posted by Matt W on August 17th, 2011

Last week I was training to be a Certified Energy Manager, and there was one person in the class that asked 95% of the questions and also made 95% of the statements. Unfortunately, he was a moron. The trainers had to constantly cut out pieces of information from the training because this guy kept asking questions. Not only was the training a little less in depth than it should have been but it was also irritating to move so slowly through the material. A Starbucks triple shot Americano, was the only thing that kept me awake. I have named this situation after a girl from my high school because she did it in every class I took with her. I will refer to it as the Jane Smith effect (I don’t want to offend the person I named it after). I will say that my wife, who has never met “Jane”, knows exactly what I’m talking about when I drop her name and has even used it to describe similar situations she’s been in.

There are a few different tactics that all Jane Smiths take. The first annoying tactic is just asking stupid questions all the time. In most cases, they are so stupid the teacher can’t even really answer. The tell tale sign for this tactic is the teacher responding “what I think your asking is …(followed by the implied “you f@%&ing moron”). One of my favorite commercials of all time is the ESPN commercial where a teacher is talking to the class and responds, “There is no such thing as a stupid question, only stupid people asking questions”. That quote perfectly summarizes tactic one.

Tactic two which is less stupid but no less annoying is the “I actually know something about a topic close to this and therefore I am going to ask a question about that other topic to look smarter.” You just hope that the teacher/manager can see through this tactic and divert as soon as possible. If you have a skilled person in charge, it is usually followed up with the “That’s an interesting point, but we should probably stay on topic” reply. Thank you smart teacher for saving me!

Tactic three and by far the most annoying is the question, statement, question, statement, question long term barrage. “So how do you calculate 2 + 2 again? … So what your saying is if I had 2 apples and added two more that would be the same thing … But what if I have two oranges instead of the second two apples? … No I don’t remember any major head trauma as a child, but you’re sure that regardless of fruit type 2 + 2 = 4?” and so on. There are other minor tactical variations, but for the most part the person using them has already established themselves as a Jane Smith with one of the above tactics so everything they say is annoying.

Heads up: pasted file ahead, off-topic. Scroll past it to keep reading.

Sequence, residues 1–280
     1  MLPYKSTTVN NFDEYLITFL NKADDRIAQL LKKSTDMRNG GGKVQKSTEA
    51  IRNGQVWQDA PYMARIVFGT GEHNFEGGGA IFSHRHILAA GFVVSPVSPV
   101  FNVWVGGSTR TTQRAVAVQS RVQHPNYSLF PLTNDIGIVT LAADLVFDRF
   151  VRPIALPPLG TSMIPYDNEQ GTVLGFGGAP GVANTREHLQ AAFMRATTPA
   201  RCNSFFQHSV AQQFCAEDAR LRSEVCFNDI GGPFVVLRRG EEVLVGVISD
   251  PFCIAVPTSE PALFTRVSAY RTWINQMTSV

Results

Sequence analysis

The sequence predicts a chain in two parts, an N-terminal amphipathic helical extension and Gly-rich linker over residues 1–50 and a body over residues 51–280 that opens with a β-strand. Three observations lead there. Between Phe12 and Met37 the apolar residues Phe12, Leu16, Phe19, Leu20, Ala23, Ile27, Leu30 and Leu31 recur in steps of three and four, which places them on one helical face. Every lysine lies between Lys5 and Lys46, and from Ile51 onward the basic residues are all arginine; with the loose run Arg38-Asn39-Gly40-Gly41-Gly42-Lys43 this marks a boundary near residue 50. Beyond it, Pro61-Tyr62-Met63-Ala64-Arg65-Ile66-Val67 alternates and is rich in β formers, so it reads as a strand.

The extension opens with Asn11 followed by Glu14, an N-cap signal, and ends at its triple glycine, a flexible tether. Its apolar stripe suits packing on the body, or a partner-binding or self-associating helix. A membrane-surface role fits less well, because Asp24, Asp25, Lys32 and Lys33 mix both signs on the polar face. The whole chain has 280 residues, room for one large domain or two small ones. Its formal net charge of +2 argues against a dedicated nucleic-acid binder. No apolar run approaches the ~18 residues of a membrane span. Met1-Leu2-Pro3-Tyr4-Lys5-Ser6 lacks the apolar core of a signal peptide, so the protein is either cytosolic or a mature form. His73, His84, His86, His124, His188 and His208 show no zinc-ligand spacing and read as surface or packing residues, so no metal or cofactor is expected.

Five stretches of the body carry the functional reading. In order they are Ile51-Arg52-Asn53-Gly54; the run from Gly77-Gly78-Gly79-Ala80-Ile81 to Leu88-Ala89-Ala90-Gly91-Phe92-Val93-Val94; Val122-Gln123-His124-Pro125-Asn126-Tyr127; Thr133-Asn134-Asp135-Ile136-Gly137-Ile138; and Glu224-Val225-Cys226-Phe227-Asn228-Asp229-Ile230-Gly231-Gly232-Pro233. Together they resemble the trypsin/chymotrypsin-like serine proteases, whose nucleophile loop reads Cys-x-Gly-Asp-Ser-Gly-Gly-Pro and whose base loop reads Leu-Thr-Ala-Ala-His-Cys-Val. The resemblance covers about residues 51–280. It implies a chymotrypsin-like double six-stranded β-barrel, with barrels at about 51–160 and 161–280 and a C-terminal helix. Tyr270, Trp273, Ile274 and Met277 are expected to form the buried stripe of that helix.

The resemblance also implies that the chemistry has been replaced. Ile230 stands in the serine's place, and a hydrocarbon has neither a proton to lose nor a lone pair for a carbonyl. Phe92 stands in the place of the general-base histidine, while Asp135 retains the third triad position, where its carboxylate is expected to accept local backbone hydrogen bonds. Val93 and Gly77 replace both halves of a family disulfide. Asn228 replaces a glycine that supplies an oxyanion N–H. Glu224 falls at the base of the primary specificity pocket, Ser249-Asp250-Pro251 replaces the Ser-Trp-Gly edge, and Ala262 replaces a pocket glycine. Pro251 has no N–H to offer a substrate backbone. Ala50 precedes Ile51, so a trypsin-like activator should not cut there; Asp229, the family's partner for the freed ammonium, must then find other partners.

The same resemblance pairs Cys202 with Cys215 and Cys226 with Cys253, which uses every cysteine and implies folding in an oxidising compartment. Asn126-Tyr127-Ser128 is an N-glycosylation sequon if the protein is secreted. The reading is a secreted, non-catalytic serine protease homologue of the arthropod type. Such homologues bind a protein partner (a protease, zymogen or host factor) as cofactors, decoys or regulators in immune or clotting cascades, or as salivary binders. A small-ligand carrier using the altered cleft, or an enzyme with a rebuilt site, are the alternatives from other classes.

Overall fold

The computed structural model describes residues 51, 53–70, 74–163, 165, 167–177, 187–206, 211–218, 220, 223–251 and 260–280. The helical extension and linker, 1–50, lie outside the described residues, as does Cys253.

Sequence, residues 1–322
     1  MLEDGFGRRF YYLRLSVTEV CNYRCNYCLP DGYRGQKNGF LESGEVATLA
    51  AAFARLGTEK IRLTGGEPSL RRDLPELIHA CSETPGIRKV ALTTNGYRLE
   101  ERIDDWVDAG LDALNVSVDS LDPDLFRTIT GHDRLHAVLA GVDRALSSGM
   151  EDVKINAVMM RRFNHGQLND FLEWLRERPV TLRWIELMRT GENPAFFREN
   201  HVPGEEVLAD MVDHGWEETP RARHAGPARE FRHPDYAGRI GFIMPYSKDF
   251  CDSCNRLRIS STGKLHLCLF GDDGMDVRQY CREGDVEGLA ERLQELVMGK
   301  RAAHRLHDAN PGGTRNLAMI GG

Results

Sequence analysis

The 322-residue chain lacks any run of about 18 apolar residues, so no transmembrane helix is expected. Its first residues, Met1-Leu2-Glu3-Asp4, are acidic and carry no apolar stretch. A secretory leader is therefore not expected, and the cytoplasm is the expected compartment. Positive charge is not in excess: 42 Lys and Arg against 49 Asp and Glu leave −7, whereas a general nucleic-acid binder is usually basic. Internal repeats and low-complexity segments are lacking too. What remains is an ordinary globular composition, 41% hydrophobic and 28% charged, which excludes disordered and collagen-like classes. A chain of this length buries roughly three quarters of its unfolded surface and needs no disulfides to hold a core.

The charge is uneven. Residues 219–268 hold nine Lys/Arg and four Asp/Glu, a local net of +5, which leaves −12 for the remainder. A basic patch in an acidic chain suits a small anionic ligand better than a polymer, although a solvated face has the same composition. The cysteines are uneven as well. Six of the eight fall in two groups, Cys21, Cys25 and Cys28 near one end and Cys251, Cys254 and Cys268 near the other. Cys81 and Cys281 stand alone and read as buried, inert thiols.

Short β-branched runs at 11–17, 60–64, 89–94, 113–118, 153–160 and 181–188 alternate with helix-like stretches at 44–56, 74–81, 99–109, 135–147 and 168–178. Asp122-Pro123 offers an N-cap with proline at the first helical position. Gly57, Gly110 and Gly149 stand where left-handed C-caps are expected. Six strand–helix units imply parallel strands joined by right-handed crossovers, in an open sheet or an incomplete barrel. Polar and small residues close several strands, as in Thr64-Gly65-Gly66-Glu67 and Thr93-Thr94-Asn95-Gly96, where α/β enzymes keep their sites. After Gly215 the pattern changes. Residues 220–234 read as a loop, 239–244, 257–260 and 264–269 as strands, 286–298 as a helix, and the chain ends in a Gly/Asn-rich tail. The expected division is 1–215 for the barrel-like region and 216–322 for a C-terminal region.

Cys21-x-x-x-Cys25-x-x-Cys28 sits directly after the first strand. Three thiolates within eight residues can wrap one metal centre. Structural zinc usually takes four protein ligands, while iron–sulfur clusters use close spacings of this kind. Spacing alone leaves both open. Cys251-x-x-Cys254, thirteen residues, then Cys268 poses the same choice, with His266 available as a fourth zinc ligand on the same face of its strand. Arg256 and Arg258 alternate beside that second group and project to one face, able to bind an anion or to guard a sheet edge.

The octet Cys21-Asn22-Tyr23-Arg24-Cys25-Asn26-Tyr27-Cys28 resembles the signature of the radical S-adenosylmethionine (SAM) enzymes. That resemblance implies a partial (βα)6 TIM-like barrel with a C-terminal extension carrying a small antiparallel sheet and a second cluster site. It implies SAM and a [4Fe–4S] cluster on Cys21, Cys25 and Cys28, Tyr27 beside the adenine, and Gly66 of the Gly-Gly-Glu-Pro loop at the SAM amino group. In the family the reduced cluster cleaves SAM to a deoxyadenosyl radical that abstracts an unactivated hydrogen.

As I have gotten older, I wonder if maybe the Jane Smiths of the world have it figured out in a 93 IQ kind of way. If they can slow everything down to their speed, then there is no discernable difference between them and other smarter people. If you only get through half of the syllabus in English class, then Jane only has to understand and remember half the material. The original Jane Smith almost had a 4.0 GPA. If you can slow down a business meeting to the point where you only get through the first 2 points on the agenda, you’re only responsible for those two points that week at work, and so on. And as Jane has sucked the collective soul out of the group, Jane is the person with the best attitude as well “Jane sure has a great attitude about our new program, let’s promote her”.

Why can’t we just say “Shut up Jane, we’re leaving you behind,” and move on? What is so bad about doing a little “Jane Smith weeding” every now and then? Unfortunately, there are so many Jane Smiths that have made it to positions of authority now they are perfectly happy to have other Jane Smiths working with them. Maybe I could write a book detailing how this type of thing brings down society. Oh that’s right Ayn Rand already took care of that. Instead, I’ll just think up some stupid questions for my next sales meeting.

File Under Working Stiff